It’s no wonder we’ve had to invent a new disease to describe the feeling of hopelessness that the average computer user feels when he or she tries to remember his or her security data: password fatigue.  (See, it’s a good thing you’re at the doctor’s office.)  With the introduction of our third IT-centric disease (after carpal tunnel syndrome and fried eyes), we may have finally come down to the basic issue that plagues network administrators everywhere: are we our own worst enemy? 

If we are to be good network custodians without driving our users to the brink of fatigue or insanity, we should consider the following:

1 Keep security requirements in perspective. 
Easier typed than accomplished, but we really need to review security policies so that they are proportionate, sound and reasonable.  On the one hand, as guests visit our establishments and Web sites, we might remind ourselves that we typically do not deal with life-and-death issues or pressing matters of national security.  On the other hand, between our personnel, financial and guest service systems, we store a tremendous amount of sensitive data that could present an embarrassing (or potentially devastating) liability if that information is compromised.  You may just come to the realization that big-system security is something your organization genuinely requires. 

2 Remember that there are alternatives to password security. 
With each passing day changes are being made to the security landscape.  We now have biometric options, security devices that issue one-time entry codes (electronic key fobs that tumble your password every 30 seconds) and graphics-based systems that allow users to remember faces or pictures instead of letter sequences.  We’re beginning to see phones and PDAs that provide encrypted password storage documents so that you can store your passwords in an off-network device that only you can access (if you remember your password and your phone or PDA isn’t stolen).  Finally, there is the option of single sign-on technology.  The good news is there’s not much to remember or forget.  The bad news?  See if you can guess… and if you do, you’re into everything.
 
3 Don’t impose a standard so high that you end up with no standard at all.   
Best intentions often produce the worst results.  If you insist on uncrackable complexity and strict observance of the Big Two Laws of Never (never write it down and never use the same password for more than one application) then you’re likely to guarantee that your network friends won’t be able to get themselves admitted to the bubble.  When that happens, users will circumvent the rules to escape fatigue and to make their lives operable.  That turn of events really puts your network at risk.  Your cyber foes become a more realistic danger than they were in the first place because now there is no reliable security standard in effect.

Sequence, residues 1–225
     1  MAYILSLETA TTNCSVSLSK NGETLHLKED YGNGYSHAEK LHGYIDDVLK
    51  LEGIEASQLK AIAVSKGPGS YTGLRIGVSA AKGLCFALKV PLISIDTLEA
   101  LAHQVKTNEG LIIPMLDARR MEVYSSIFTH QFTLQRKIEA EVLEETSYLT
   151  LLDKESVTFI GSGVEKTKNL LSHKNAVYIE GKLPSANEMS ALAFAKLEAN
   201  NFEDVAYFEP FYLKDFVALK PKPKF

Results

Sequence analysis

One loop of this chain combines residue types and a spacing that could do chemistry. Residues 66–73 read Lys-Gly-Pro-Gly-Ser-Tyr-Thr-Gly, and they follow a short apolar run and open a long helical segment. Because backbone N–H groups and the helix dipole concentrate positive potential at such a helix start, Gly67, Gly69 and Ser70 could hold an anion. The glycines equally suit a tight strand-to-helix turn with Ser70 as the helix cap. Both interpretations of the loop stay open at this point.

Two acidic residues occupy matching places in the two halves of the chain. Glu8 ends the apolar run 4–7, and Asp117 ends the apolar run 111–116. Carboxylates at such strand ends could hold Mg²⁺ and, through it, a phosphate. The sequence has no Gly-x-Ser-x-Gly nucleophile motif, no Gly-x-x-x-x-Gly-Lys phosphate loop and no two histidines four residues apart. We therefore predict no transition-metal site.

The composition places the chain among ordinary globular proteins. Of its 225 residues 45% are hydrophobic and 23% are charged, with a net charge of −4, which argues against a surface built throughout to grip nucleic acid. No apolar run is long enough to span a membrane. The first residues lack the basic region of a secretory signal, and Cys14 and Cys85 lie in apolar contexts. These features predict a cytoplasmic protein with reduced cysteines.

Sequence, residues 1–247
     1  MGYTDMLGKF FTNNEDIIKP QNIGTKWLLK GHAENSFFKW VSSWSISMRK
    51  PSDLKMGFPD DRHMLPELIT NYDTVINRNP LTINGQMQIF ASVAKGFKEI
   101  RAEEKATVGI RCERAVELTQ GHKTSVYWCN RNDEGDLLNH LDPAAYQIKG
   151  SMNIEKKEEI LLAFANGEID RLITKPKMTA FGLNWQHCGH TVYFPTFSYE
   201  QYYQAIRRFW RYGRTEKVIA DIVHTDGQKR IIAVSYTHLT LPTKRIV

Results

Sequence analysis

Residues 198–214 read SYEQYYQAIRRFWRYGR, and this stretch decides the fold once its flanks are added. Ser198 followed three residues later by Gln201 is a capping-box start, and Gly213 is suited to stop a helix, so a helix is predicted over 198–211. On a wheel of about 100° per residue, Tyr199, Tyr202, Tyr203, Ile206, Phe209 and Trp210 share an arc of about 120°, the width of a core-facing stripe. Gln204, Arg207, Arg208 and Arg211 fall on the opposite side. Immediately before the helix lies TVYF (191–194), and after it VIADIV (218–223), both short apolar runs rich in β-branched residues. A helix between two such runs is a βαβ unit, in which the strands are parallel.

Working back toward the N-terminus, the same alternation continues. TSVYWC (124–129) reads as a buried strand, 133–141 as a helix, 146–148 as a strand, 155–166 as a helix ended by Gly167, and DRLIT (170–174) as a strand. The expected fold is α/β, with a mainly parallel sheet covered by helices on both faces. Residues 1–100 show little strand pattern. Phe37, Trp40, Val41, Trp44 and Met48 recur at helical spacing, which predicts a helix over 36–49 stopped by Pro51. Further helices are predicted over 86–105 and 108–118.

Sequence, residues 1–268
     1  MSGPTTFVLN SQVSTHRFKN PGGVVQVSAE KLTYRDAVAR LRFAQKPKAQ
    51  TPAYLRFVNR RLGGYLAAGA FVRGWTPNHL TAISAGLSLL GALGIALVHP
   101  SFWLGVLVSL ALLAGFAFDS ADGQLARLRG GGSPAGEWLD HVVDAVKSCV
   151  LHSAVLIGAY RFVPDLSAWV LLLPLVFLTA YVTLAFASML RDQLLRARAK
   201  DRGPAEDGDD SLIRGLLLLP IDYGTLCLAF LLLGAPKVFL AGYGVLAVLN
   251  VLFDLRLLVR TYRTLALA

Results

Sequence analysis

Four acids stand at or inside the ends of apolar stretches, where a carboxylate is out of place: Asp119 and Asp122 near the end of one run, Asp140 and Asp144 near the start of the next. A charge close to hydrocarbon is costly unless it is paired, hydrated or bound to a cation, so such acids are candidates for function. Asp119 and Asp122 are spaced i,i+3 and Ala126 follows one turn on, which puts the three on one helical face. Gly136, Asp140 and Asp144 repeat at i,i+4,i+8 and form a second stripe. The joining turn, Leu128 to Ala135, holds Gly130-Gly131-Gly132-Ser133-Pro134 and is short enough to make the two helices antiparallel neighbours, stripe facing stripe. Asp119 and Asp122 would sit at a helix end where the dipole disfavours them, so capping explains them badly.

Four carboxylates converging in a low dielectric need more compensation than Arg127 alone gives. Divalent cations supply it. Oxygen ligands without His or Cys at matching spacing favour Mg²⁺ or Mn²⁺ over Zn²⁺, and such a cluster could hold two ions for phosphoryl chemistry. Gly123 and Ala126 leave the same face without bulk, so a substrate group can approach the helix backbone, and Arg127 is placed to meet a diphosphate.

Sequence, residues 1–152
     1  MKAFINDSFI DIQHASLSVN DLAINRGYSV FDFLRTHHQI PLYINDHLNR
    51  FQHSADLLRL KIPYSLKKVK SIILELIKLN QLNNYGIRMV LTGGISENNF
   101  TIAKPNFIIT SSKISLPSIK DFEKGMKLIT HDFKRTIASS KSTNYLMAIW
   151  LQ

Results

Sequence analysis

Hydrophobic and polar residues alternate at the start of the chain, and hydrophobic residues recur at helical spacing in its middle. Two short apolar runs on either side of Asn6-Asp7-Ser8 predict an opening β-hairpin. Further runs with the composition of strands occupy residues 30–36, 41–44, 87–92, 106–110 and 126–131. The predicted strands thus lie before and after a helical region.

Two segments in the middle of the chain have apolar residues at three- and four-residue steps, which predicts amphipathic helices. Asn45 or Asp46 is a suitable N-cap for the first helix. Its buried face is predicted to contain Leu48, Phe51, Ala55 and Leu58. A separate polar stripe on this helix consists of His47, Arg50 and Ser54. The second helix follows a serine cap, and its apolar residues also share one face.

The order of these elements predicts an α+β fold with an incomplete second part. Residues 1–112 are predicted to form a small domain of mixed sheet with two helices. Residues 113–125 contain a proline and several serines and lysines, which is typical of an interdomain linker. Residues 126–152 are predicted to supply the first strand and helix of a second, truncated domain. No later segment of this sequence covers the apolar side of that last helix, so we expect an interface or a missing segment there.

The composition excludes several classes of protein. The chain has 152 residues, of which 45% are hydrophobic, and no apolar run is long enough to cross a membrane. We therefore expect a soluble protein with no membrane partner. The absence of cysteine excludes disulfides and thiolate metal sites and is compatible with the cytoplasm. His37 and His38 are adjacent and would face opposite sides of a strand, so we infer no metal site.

What to do?  System security issues can feel like a tempest in a teapot – a lot of hypothetical discussion about a threat that seems never to materialize.  Besides, IT professionals fear the outbreak of a fourth IT disease: manager fatigue (also known as the “shut up and get out” syndrome).  However, the threat can be real and the enemy’s arsenal is substantial.  Readily available dictionary-based attacks (programs that simply throw every known word including letter-symbol repl@cements at a target application) can do so at a rate of more than 120,000 attempts per second, well over seven million attempts per minute.  (That rate has also gone up since Caligula’s day.) 

The most reasonable outcome occurs when you keep the security issue in front of your users.  Statistics indicate that the more time and attention that you give network users on the issue of security, the better the job they do in maintaining standards.  Trained employees make better password choices and keep them more confidential than untrained employees.  Suggest using acronyms instead of words as a memory aid; an acronym is easier to enter and harder to crack (E2EAH2C). Network supervisors can purchase one of the better-known password cracking programs to check the strength of passwords in use on your systems today and help those users who can’t help themselves.   Reinforce to the folks in the bubble that the issues are genuine, lapses can be catastrophic, and that their attentive assistance is appreciated.  And remember that, in the immortal words of Tarzan, “It’s a jungle out there.” 
 

Michael Schubach is vice president, information technology, for Pinehurst Resort.  Located in the Village of Pinehurst, N.C., Pinehurst has just been named the site of the 2014 U.S. Open golf championship.  You may e-mail michael.schubach@pinehurst.com and he will respond provided he can remember his e-mail password once he remembers his network password.

Articles By The Same Author



want to read more articles like this?

want to read more articles like this?

Sign up to receive our twice-a-month Watercooler and Siegel Sez Newsletters and never miss another article or news story.